These projects have highlighted benefits of regional cooperation at both strategic and operational levels and across all components of MCS. They have also reinforced the fact that while considerable benefits exist in cooperation at the regional level, significant benefits can also accrue through cooperation at other levels e.g. sub-regional, bilateral and intra-national etc. In addition, the benefits of cooperation are not limited to the FFA membership. Given the transboundary nature of fish stocks and the global nature of modern fishing fleets, considerable potential benefits also exist through cooperation within external States and agencies (e.g. cooperative port State monitoring and enforcement, flag State action).

    At the strategic level effective conservation and management of regionally shared tuna stocks depends on the full cooperation and active participation of individual FFA member countries responsible for the management of distinct geographical areas through which the shared resources migrate. FFA members have found benefit in cooperating in fisheries management because the migratory nature and value of the tuna resources, the large size of national jurisdictions, the relative lack of resources each individual country has to develop and sustainably manage their waters. By pooling their resources and developing cooperative management initiatives FFA members have together developed powerful management mechanisms such as the Regional Register to exert some control over fishers.

    In more recent years, strategic cooperation amongst the FFA membership has allowed PICs to extend their influence beyond their EEZs by acting as a bloc in the WCPFC to influence the MCS arrangements on the high seas.

    At the operational level, numerous examples of benefits arising from regional cooperation have been highlighted by these projects. It is worth noting that whilst regional cooperation may facilitate these operational benefits, they are generally realised at the national level where sovereign powers and legislative frameworks permit the direct enforcement activities such as boardings, inspections, apprehensions, seizures, prosecutions etc. Operational benefits derived through cooperation are summarised in Table 1, together with relevant examples from within the FFA region.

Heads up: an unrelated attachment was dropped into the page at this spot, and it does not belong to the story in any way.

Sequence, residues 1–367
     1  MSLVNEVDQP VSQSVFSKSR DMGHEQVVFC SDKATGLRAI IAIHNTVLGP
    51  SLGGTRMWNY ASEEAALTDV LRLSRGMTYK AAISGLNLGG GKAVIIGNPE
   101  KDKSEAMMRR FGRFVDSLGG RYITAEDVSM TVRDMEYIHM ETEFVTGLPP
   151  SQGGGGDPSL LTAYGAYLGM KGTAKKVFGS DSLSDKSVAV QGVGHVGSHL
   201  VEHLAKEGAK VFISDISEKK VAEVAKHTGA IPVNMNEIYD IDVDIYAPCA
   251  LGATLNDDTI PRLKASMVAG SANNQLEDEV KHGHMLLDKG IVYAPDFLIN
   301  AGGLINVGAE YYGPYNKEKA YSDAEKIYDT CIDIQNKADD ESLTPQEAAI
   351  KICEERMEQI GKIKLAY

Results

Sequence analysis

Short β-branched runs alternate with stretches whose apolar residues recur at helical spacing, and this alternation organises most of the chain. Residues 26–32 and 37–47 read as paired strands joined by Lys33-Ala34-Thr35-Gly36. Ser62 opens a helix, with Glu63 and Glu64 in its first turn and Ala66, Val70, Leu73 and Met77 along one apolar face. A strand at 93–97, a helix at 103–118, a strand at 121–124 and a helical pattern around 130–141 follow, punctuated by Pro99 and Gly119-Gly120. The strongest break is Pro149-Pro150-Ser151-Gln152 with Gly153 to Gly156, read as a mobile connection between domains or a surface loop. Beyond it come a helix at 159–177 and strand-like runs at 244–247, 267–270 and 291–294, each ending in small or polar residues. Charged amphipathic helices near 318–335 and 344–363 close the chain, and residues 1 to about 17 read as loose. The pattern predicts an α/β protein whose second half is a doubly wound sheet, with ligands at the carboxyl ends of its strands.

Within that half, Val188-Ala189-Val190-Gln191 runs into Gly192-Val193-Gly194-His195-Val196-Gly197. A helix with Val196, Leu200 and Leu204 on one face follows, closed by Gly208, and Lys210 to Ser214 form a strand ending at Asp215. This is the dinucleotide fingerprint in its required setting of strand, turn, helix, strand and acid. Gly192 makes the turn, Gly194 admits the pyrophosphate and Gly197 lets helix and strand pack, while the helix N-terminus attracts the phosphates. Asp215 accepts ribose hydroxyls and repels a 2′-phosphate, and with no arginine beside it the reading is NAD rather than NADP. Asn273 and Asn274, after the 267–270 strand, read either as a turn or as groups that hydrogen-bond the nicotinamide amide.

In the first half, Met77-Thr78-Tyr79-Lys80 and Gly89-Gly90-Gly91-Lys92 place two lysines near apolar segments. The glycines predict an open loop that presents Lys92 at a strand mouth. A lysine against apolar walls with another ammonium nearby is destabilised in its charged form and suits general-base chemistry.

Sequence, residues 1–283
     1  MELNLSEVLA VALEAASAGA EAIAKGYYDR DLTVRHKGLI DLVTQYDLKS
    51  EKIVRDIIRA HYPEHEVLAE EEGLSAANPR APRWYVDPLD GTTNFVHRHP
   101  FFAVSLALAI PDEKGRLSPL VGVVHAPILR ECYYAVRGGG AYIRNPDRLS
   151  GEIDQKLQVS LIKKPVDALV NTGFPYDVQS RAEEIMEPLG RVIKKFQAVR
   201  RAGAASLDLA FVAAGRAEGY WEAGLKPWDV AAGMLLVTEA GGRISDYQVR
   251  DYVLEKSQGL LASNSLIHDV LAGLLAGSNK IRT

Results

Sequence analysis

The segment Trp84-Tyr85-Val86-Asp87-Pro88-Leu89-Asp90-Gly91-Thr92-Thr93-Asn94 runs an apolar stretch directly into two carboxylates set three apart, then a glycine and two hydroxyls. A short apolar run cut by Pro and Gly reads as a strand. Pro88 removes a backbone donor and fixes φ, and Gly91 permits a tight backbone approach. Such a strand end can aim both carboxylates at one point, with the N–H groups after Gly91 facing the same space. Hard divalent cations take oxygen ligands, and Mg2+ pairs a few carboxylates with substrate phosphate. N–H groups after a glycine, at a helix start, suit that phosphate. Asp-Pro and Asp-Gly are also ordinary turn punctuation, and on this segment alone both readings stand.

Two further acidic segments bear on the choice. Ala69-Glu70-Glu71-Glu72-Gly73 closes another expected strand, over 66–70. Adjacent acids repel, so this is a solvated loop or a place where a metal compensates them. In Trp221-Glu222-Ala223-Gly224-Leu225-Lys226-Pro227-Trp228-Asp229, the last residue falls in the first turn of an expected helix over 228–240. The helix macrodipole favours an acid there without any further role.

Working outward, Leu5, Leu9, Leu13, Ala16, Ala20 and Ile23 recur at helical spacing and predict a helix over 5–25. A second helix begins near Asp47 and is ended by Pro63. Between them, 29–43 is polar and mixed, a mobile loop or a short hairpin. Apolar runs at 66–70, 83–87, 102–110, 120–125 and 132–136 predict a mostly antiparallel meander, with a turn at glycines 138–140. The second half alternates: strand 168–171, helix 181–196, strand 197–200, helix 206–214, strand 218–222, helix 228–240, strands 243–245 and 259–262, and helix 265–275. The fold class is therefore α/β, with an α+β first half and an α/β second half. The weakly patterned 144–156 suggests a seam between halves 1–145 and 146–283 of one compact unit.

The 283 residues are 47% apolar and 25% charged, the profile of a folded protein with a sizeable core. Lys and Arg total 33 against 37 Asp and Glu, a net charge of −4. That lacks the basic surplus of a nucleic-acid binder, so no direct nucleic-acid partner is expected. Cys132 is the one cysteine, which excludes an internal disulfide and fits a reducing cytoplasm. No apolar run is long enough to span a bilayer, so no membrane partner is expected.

Table 1: Benefits of Cooperation in MCS within the WCPO

    Benefits of Cooperation Examples for MCS within the FFA Membership

    Improved cost-effectiveness

    Cooperative port State enforcement - (e.g. undertaking boarding and

    inspection for enforcement purposes at next port of call, rather than deploying

    expensive at surface/aerial response assets)

    Surveillance and response asset sharing (e.g. Niue Treaty operations to share

    responsibility for both sides of a maritime border. Ship-rider agreements

    provide MCS support at no cost to FFA members).

    Observer sharing - (e.g. creating regional pools of observers e.g. through

    Regional Observer Program reduces overall training and other costs)

    Long-arm enforcement - (e.g. taking action under collective MCS mechanisms

    such the Regional Register or WCPFC IUU list may be more cost effective than

    undertaking at sea apprehensions)

    Greater MCS coverage

    Cooperative port State enforcement (e.g. cooperative catch monitoring and

    enforcement arrangements between a coastal State and port State.

    Particularly beneficial for members with unsuitable port facilities e.g Nauru,

    Tokelau and where vessels licensed by a member do not regularly come into

    their ports).

    Patrol vessel sharing - (e.g. Niue Treaty operations to permit other members to

    patrol areas a long way from patrol bases. Ship-rider agreements to permit

    transiting vessels to provide MCS support).

    Observer sharing - (e.g. observer sharing between members with well-

    developed observer programs and those without would help meet WCPFC and